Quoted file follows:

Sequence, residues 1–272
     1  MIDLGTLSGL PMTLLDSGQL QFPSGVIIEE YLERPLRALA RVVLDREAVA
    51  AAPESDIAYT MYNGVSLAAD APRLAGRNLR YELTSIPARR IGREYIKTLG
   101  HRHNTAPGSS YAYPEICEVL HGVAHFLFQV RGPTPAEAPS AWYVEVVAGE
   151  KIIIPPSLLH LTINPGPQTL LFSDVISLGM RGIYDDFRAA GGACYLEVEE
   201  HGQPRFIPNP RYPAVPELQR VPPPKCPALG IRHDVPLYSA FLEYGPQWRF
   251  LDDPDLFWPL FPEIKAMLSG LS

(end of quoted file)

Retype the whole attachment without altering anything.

Sequence, residues 1–272
     1  MIDLGTLSGL PMTLLDSGQL QFPSGVIIEE YLERPLRALA RVVLDREAVA
    51  AAPESDIAYT MYNGVSLAAD APRLAGRNLR YELTSIPARR IGREYIKTLG
   101  HRHNTAPGSS YAYPEICEVL HGVAHFLFQV RGPTPAEAPS AWYVEVVAGE
   151  KIIIPPSLLH LTINPGPQTL LFSDVISLGM RGIYDDFRAA GGACYLEVEE
   201  HGQPRFIPNP RYPAVPELQR VPPPKCPALG IRHDVPLYSA FLEYGPQWRF
   251  LDDPDLFWPL FPEIKAMLSG LS